This study aims to investigate the impact of social risk and inter-tier brand competition across traditional retailers and discounters on consumers' purchase intentions in the UK.

Abstract

Purpose

This study aims to investigate the impact of social risk and inter-tier brand competition across traditional retailers and discounters on consumers' purchase intentions in the UK.

Design/methodology/approach

The authors conduct a 2 (social risk) × 3 (brand type) × 2 (retailer type) between-subjects design (n = 309; UK) experiment employing a Qualtrics online panel in the UK.

Findings

The study shows that while premium private labels (PPLs) are on par with national brands, discounter's PPLs outperform mainstream retailer's PPLs. Furthermore, consumers appear to purchase standard private labels and PPLs for themselves when shopping at a discounter but turn to national brands when shopping for socially risky situations.

Research limitations/implications

While Tesco's premium (Tesco Finest*) and standard private label (Tesco Everyday Value) explicitly make reference to the retailer's name, for Lidl's premium (Deluxe) and standard private label (e.g. Milbona), the discounter's name is not visible. This is something this study did not control for.

Practical implications

Given that Lidl has opened its first US store in 2017 with ambitious expansion plans, our findings provide in particular practical guidelines for how to promote PPLs in countries where the discounter landscape is less saturated than in Germany.

Originality/value

This study provides insights into the understanding of the influence of social risk on purchasing intentions of premium private labels vs standard private labels vs national brands offered by mainstream retailers or discounters in the UK.

Details

International Journal of Retail & Distribution Management, vol. 48 no. 6
Type: Research Article
ISSN: 0959-0552

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Article
Publication date: 9 November 2010

Pekka Aula

This paper aims to discuss the emergence of corporate reputational risk in terms of social media, exploring its threats to and possibilities for organizations' strategic

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33771

Abstract

Purpose

This paper aims to discuss the emergence of corporate reputational risk in terms of social media, exploring its threats to and possibilities for organizations' strategic reputation management.

Design/methodology/approach

Reputation risk, the possibility of damaging one's reputation, presents a threat to organizations in many ways. Little is known, however, about the connections between reputation risk management and social media as a mediated business environment. Following the latest conceptualizations of strategic reputation management and social media, the paper identifies several challenges for organizations. To make sense of this issue, the paper proposes a novel context for strategic reputation management, founded on the metaphor of ambient publicity, which involves not only social media, but also organizations and their stakeholders.

Findings

The paper argues that social media expands the spectrum of reputation risks and boosts risk dynamics, and that social media can have notable effects on corporate‐level strategic endeavors, which must be considered in order to be successful in the modern business environment. Nine tenets for corporate leaders involved in strategic reputation management are presented.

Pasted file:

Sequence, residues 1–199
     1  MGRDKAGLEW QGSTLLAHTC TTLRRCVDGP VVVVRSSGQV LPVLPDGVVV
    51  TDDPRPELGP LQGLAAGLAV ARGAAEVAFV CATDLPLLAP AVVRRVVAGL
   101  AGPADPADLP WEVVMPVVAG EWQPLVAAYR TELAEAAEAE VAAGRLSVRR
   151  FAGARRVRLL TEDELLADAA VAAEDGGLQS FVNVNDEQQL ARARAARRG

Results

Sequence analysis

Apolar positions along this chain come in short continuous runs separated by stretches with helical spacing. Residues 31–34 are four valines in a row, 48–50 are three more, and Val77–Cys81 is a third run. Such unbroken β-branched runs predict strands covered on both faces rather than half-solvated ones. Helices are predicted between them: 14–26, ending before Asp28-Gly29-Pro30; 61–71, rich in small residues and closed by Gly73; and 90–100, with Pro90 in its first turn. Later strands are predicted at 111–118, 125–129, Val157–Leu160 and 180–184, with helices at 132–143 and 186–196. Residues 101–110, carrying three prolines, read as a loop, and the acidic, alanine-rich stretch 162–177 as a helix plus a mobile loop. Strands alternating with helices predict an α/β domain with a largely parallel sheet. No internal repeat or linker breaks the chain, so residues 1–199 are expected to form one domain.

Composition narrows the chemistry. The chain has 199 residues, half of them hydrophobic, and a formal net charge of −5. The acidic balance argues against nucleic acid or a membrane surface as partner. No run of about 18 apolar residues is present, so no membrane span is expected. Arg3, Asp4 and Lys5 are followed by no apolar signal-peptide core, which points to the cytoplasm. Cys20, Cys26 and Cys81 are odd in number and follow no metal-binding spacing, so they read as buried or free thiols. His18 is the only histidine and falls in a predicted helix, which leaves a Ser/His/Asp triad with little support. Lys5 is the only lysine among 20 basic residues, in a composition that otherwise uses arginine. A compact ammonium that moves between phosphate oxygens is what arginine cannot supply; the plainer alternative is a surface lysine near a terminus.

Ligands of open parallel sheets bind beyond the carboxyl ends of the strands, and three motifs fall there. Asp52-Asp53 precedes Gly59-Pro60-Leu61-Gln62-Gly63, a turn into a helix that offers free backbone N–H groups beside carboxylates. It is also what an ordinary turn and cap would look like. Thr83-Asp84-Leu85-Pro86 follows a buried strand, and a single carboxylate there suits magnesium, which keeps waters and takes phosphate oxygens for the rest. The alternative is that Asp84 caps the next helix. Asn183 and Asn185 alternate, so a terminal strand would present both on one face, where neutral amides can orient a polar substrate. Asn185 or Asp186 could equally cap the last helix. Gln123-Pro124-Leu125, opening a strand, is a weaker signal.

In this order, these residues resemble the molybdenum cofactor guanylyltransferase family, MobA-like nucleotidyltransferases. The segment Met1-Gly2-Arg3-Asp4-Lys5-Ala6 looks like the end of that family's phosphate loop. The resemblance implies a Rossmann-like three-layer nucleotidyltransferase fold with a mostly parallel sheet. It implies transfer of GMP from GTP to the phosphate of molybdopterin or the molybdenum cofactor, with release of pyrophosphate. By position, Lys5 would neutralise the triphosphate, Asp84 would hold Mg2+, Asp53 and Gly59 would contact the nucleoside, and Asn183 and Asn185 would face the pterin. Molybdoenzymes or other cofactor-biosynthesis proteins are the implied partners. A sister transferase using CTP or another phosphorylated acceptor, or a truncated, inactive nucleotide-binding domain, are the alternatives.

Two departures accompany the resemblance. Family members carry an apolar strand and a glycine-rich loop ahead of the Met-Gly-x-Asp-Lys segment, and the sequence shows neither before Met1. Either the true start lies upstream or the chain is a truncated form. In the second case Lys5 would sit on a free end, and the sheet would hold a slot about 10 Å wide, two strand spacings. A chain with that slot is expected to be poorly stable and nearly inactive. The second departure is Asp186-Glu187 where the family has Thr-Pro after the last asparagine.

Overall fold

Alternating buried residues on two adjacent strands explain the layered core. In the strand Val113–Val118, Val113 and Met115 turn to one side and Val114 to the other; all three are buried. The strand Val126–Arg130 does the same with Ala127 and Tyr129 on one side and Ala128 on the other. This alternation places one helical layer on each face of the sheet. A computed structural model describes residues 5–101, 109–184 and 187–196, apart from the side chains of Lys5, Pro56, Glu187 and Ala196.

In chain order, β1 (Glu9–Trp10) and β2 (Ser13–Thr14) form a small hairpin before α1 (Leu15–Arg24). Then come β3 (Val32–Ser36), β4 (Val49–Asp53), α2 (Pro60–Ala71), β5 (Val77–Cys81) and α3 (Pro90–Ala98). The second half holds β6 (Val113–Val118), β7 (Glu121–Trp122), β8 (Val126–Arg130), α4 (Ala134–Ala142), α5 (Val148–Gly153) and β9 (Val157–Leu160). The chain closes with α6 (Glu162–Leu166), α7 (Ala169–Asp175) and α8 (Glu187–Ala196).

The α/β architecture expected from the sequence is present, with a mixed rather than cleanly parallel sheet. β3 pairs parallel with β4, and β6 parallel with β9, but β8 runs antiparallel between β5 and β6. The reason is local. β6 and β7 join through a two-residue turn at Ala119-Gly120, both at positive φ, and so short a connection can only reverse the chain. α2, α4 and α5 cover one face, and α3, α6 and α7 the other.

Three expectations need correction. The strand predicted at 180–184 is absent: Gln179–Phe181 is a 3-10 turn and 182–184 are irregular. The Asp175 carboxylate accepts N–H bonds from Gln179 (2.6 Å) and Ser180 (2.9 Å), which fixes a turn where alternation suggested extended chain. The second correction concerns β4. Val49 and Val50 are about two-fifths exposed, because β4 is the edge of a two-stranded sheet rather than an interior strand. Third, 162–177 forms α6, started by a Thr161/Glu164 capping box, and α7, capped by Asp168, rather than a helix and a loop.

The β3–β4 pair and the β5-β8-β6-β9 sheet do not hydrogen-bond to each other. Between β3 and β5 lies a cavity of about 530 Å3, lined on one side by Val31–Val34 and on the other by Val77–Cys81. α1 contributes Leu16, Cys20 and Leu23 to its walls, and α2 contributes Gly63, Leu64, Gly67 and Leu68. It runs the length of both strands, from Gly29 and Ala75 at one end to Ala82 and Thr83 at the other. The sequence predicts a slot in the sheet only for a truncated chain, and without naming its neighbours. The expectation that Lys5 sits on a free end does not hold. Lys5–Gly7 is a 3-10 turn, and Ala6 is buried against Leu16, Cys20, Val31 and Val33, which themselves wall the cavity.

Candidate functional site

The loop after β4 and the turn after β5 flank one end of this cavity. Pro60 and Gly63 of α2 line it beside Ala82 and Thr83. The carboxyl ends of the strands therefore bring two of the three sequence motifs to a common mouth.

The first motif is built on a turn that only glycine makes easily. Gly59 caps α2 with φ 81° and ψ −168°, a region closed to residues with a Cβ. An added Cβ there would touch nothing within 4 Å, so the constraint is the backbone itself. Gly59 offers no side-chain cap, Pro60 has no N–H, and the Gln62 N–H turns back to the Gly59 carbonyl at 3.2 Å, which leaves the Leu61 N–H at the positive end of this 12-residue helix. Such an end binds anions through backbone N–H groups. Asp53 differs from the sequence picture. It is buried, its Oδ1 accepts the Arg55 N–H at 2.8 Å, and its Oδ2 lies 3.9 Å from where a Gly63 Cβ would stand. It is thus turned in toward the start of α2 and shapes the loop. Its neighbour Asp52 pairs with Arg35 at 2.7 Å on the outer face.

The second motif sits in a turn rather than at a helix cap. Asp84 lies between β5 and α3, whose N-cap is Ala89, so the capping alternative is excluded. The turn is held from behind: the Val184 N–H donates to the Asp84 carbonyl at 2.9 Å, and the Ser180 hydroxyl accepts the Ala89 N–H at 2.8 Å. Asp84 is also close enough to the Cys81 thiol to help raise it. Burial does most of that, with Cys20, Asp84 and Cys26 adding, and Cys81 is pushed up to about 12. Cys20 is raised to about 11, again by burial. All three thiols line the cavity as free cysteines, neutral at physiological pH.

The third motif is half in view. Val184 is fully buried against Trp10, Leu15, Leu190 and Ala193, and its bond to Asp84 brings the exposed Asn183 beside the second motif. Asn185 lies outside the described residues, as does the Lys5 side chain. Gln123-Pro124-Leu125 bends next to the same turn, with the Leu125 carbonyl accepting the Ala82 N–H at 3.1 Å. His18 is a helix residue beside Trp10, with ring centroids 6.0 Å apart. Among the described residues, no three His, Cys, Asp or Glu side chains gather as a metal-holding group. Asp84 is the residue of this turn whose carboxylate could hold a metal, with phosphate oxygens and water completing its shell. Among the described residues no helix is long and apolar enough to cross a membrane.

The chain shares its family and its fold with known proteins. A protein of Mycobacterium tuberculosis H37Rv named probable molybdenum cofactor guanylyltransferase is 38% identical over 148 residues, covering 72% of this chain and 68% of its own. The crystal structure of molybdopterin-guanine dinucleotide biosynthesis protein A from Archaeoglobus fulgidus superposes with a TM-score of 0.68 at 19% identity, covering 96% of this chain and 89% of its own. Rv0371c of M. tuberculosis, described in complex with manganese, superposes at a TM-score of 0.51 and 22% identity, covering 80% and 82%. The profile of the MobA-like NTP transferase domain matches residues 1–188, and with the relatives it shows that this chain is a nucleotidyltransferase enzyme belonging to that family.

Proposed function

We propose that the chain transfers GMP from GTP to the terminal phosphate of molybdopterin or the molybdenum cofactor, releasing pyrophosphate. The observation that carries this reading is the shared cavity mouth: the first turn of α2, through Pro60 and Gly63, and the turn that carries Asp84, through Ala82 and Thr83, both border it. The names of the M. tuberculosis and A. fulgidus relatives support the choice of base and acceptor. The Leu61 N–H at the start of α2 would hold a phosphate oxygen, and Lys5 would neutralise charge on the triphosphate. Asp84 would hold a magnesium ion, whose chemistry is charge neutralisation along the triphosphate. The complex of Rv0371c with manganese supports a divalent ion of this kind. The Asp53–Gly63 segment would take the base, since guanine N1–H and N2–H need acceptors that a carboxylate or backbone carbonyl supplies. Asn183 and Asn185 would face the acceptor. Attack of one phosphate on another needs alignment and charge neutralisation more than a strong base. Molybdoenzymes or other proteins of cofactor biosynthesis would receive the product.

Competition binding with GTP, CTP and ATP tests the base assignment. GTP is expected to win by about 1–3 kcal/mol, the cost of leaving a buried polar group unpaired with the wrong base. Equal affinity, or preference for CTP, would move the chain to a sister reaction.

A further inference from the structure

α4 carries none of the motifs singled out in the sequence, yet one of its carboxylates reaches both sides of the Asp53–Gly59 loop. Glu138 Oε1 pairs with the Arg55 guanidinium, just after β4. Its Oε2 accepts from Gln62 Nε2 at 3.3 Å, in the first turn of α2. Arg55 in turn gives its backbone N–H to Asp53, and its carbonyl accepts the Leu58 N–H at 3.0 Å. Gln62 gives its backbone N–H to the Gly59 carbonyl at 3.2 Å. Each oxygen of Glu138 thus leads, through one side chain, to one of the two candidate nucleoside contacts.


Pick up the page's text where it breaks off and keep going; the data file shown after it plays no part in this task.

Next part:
Originality/value

The paper offers new insights on social media's relation to reputation risk and its management. The ambient publicity, for example, has value to leaders involved in strategic reputation management when trying to identify factors characterizing the changing business environment. Understanding ambient publicity as an environment of meaning indicates that organizations, their stakeholders, and the public create a “complex narrative web” surrounding reputation. The more unified this web is, the stronger the organization is in terms of reputation risk.

Details

Strategy & Leadership, vol. 38 no. 6
Type: Research Article
ISSN: 1087-8572

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Article
Publication date: 14 November 2016

Sunhee Seo and Sunjin Moon

The purpose of this study is to segment consumers according to their decision-making styles in the context of social commerce. Additionally, the differences among consumer…

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2532

Abstract

Purpose

The purpose of this study is to segment consumers according to their decision-making styles in the context of social commerce. Additionally, the differences among consumer segments in consumer innovativeness, perceived risk, satisfaction and demographic characteristics are evaluated.

Design/methodology/approach

A total of 384 respondents who shopped for restaurant deals through social commerce participated in this study through an online survey. Two-step cluster analyses were used to segment social commerce consumers into groups, using their decision-making styles.

Findings

The results showed three types of social commerce consumers of restaurant deals: innovative brand-preferring consumers; realistic consumers; and passive consumers. Innovative brand-preferring consumers chose specific brands and showed the most innovativeness, while realistic consumers and passive consumers were price-conscious and far more cautious in purchasing restaurant deals using social commerce. Passive consumers were, in addition, confused by overchoice. All three consumer groups perceived higher risks to privacy in purchases using social commerce. Passive consumers were especially aware of the risk, while the innovative brand-preferring consumers and the realistic consumers were less concerned about risk. Consumers were especially likely to perceive economic risk, performance risk, social risk, psychological risk, privacy risk and time risk. Innovative brand-preferring consumers were more likely to be innovative and showed a higher level of satisfaction, while passive consumers showed the lowest satisfaction and the least innovativeness.

Research limitations/implications